F. Ray Sibley and Joseph Crute have published order of battle data for the Army of Northern Virginia, but (as far as I know) Darrell Collins's The Army of the Potomac: Order of Battle, 1861-1865, with Commanders, Strengths, Losses and More is the first attempt at a comprehensive OB study for the primary Civil War army of the United States. In this book, Collins compiles organizational data for all the main campaigns [First Bull Run, The Peninsula, Second Bull Run, Maryland Campaign, Fredericksburg, Chancellorsville, Gettysburg, Bristoe, Mine Run, Overland Campaign, 1864 Shenandoah Campaign, Petersburg, and Appomattox] and Ball's Bluff, also composing a brief narrative introduction for each.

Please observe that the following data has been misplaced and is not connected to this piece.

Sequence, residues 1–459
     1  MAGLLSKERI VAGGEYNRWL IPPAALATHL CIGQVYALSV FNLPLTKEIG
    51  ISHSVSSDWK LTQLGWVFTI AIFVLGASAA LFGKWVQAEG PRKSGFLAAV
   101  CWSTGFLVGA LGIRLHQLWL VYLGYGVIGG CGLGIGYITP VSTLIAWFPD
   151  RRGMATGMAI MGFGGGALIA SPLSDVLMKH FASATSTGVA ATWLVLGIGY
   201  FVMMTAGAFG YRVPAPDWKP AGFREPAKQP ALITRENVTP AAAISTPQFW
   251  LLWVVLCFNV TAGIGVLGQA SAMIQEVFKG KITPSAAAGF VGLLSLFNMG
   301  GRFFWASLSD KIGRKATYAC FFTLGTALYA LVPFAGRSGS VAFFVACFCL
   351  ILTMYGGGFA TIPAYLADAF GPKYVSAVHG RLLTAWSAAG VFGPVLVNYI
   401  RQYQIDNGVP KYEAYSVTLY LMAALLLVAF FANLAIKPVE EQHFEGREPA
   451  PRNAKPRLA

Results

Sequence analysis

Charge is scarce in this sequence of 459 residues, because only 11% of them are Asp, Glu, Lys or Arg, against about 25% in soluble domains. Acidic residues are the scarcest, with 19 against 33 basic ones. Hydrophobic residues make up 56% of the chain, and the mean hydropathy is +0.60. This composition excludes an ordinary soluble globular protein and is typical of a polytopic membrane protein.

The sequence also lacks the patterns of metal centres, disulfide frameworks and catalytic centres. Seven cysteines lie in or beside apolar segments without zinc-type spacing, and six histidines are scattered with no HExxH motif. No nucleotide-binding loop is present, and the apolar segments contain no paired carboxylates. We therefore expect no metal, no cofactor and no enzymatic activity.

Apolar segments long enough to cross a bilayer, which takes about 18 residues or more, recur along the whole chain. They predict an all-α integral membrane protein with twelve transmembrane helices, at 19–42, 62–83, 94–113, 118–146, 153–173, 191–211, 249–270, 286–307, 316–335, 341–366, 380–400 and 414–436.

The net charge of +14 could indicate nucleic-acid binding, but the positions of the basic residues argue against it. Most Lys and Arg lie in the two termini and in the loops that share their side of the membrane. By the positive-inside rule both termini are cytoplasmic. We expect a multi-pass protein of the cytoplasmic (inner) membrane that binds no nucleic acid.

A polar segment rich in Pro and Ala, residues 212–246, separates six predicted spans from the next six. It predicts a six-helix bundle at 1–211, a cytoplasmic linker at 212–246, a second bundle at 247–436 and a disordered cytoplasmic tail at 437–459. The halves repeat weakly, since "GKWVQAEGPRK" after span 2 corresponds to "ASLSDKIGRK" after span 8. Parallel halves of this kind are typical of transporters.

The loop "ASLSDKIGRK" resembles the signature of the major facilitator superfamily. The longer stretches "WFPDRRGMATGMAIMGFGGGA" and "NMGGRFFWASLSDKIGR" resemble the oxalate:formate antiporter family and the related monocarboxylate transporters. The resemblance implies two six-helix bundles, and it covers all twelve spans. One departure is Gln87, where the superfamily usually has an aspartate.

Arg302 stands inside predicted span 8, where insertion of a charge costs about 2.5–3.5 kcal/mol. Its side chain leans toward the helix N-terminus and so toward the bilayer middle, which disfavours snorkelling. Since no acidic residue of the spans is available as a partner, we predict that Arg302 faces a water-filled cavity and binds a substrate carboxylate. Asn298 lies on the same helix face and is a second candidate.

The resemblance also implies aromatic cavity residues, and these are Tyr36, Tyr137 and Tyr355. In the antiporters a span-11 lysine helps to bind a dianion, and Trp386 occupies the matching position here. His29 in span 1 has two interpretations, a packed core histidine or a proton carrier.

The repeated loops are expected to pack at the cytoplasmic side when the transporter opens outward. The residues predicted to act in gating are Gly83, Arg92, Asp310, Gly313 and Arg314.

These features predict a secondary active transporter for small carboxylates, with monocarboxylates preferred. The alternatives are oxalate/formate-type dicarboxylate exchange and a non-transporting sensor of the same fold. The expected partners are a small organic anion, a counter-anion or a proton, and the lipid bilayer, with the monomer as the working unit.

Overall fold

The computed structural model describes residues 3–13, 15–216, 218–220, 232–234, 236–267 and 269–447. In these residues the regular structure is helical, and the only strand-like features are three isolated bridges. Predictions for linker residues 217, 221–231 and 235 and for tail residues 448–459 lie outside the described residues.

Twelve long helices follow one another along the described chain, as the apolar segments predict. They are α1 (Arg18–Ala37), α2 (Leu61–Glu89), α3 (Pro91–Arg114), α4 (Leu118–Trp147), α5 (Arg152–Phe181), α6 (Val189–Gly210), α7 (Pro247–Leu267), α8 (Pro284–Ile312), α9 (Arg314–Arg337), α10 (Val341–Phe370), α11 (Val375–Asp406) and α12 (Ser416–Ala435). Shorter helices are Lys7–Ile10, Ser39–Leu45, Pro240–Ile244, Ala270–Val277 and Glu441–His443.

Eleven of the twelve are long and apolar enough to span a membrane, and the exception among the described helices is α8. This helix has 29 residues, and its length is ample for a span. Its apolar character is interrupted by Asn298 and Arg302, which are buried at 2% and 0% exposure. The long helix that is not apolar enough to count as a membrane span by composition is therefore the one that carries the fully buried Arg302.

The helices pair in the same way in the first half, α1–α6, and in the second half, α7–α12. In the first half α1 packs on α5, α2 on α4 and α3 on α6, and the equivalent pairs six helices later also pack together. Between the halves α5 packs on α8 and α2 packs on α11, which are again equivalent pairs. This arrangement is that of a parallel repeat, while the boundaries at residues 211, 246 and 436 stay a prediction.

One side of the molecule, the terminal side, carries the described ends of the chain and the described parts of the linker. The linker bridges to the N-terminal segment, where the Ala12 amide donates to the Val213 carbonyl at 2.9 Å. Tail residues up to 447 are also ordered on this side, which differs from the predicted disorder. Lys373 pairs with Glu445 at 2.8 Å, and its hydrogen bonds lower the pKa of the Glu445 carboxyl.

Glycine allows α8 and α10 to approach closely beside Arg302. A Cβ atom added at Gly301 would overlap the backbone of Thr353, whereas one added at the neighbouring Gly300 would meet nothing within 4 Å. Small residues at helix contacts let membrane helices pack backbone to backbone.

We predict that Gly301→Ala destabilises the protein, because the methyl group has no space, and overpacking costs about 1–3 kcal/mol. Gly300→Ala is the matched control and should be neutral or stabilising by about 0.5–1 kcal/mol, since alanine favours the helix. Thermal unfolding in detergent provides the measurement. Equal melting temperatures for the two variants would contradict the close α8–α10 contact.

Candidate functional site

Like the typical order of battle one finds in Civil War campaign histories, Collins arranges the entire army unit and command structure in cascading fashion:   army --> corps (if applicable) --> division --> brigade --> individual regiments and batteries. The officer in charge of each unit, as well his casualty status and replacement, is named when the information is available. The muster in date for all the regiments is provided, as are casualty numbers broken down into killed, wounded, and missing; loss totals; and percentage lost when numbers present are known. At the end of each order of battle is a number and loss summary at division or corps scales, and a list of the ten regiments with the highest casualties suffered over the course of the battle or campaign. The information is all organized in an easy to read and comprehend tabular format.